Pharm Exec spoke with Skalicky about new ways that life sciences companies are engaging with outsourcing.
Eversana’s president and chief revenue officer Greg Skalicky spoke with Pharm Exec about trends that he’s seeing in the industry and its relationship with outsourcing.
Pharm Exec: How has the way pharma companies approached outsourcing changed?
Greg Skalicky: I’ve been in the industry since ’95. In the mid 90s, pieces of things were outsourced on the clinical side. A clinically outsourced program, compared to a commercially outsourced program, is different but similar in structure. Clinical research associates (CRAs) are very similar to pharmaceutical sales staff in commercial. What we saw back in the ‘90s was that if you spoke to a large company about outsourcing a clinical study report or statistical analysis plan, they could never give up project or site management. They’d want to keep those things in house.
We felt that we could build something from an operational perspective that could supersede that way product launches are done and have it as a single operating unit where you can take a product, drop into an ecosystem that will provide complete commercial support. It’s almost a replication for how it’s done in clinical where CROs are used by large pharma, along with how the small- and mid-tier players conduct clinical programs.
PE: What caused this change to occur?
Skalicky: From an evolution standpoint, the benefit from a cost perspective was so great to outsourcing from a full service perspective that it completely tipped and the industry went down that road. The parallels that I see here is that if you look at how commercialization is done, definitionally, when a company says, “we’re commercializing on our own,” that means that they’re hiring a field team of sales reps. There is the agency, the marketing component, the channel, the distribution component, the patient services hub, the call center component, MIPB (the pharmacovigilance/safety piece) the pricing component, all of those pieces would be outsourced to different vendors. You then have a product that you’re going to market with and your operating model essentially consists of a field team and eight vendors. What will happen when you launch is that there will be unforeseen hurdles and things that happen where you need to be very agile in how you adjust to them. Imagine having nine different PNLs in an operating model and trying to make changes that can dramatically affect one of the other pieces and you need to align these pieces. It’s very daunting.
PE: How can companies overcome those hurdles?
Skalicky: Those silos are a big gap. I watched clinical move to a full-service approach, and I see all of those same parallels in the commercial side of the business. The reason for that is because large pharma was built to support blockbuster products. Peak sales per asset in the past ten years have gone from 800 million to 400 million. Also, 60% of RND is in oncology and many of these are in third, fourth-, or fifth-line therapies or immunotherapies. Those are very surgical commercialization approaches; the swim lanes are very narrow. You must have a very streamlined and effective strategic operation to deal with that.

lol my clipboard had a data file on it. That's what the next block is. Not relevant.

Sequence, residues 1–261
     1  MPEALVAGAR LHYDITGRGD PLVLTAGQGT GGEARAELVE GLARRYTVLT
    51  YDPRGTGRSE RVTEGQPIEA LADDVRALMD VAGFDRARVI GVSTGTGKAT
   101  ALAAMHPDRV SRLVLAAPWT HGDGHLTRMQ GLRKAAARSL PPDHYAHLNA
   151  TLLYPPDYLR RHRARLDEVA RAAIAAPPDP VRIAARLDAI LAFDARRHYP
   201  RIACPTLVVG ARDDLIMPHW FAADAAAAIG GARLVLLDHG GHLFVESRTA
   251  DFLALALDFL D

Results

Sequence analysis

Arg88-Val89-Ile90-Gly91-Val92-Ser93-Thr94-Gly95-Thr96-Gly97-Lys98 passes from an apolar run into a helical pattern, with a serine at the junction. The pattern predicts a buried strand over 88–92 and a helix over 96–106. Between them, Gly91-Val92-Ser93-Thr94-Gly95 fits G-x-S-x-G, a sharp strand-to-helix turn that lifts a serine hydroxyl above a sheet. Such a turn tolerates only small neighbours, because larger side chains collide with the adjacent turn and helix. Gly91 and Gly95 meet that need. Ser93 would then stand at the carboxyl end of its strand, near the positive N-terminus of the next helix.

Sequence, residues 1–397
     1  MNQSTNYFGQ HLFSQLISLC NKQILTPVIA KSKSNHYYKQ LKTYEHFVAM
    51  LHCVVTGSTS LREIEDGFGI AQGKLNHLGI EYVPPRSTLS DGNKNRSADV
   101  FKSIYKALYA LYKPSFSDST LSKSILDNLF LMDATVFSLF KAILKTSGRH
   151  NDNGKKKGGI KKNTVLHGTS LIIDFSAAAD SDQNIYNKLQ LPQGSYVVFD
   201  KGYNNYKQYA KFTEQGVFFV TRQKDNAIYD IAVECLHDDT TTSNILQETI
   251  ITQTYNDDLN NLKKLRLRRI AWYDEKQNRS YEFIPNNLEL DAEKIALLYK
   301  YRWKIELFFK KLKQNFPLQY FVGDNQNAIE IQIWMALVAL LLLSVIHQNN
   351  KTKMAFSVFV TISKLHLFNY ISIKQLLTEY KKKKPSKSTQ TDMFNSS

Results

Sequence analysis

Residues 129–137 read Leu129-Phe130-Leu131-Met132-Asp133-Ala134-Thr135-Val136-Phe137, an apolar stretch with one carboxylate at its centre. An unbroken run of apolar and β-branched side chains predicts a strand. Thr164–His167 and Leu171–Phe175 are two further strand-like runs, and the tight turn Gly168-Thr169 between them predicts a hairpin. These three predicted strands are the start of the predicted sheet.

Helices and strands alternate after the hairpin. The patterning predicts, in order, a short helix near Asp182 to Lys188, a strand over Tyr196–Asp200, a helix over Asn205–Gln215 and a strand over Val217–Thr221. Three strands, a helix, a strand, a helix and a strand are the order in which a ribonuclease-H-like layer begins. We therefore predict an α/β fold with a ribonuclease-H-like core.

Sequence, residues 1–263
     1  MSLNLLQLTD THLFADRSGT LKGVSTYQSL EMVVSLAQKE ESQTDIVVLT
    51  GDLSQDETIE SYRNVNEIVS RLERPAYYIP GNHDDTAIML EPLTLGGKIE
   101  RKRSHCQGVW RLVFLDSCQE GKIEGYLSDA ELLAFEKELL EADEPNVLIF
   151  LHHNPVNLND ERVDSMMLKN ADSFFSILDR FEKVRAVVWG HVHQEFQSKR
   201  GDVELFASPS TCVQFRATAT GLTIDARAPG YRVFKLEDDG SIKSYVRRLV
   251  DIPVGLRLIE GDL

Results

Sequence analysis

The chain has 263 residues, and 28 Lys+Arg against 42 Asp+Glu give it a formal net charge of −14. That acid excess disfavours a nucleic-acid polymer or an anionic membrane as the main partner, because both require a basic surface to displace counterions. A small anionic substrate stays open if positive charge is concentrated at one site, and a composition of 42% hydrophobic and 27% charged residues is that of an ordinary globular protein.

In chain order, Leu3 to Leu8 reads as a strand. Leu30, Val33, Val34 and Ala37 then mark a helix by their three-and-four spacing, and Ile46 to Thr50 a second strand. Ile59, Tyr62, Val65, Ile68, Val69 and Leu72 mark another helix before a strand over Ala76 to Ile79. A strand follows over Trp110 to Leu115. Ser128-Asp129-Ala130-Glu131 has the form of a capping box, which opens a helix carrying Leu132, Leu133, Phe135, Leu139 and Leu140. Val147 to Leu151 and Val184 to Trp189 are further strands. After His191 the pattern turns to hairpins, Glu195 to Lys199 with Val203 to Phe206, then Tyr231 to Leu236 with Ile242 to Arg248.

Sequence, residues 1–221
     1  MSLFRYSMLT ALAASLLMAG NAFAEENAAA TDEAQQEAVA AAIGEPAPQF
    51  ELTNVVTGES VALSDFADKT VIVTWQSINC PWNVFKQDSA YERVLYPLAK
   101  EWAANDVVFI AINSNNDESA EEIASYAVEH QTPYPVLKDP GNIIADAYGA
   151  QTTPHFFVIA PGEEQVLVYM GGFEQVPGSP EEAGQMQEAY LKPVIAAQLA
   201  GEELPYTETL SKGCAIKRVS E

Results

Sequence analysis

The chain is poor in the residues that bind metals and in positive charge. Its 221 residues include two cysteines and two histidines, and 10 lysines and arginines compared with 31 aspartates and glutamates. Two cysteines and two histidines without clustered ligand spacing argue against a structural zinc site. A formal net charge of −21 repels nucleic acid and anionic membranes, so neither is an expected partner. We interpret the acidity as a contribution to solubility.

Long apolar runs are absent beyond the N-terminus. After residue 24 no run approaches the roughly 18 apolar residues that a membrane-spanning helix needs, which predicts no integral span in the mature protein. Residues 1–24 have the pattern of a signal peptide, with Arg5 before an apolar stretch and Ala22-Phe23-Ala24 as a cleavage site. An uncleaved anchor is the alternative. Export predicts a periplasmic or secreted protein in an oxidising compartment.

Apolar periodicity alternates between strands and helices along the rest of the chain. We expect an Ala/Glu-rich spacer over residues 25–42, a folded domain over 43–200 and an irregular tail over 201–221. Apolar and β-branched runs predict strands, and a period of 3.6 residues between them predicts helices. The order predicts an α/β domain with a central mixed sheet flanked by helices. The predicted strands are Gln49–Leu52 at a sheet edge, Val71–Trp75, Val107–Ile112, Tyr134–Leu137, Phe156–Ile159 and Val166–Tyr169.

PE: What are some of the complexities that companies can face when preparing to launch a product?
Skalicky: If you look at small- and mid-tier companies, they are essentially developing one asset that they spend 10 years and probably billions of dollars developing. Then they reach a stage of going to market or licensing out the product. The economics associated with licensing are that they would retain about 20% of the value that they create, pharma would take about 80%. Working with a CRO could help them retain 95% of that value. For first time companies, trying to hire all of the vendors necessary to launch the products has such a high level of complexity that is beyond daunting.
There are about 40-45 FDA approvals each year, with a similar number of clinical response letter administered. If a company receives a CRL, that means they are delayed about 12-18 months from their original launch window. If they have hired staff, they will have to terminate 90% of their employee base the next day. The trends in large pharma are very specific. Companies with large employee costs are discovering that this is an unsustainable dynamic as they look at the pipeline, what’s coming through, and can they retain such a cost structure. We’re seeing a downsizing happening and companies are assessing what they’re going to do from a structural perspective.
PE: What trends are you seeing in the life sciences industry when it comes to using vendors?
Skalicky: The trend seems to be that companies are seeing a benefit in streamlining and using fewer vendors. We’re seeing pharma shift the same way it did in clinical because the cost pressures are there. Due to changing market conditions, companies that relied on one large product may now have to focus on many smaller products to build up the same value. Companies are finding the biggest challenge in finding ways to invest internally to make this possible. Seven out of ten launches do not meet expectations. It’s a problem, but it isn’t an accident. The number of first time launchers has increased by about three times over the past ten years. Their rate of success in year one is even worse than that.
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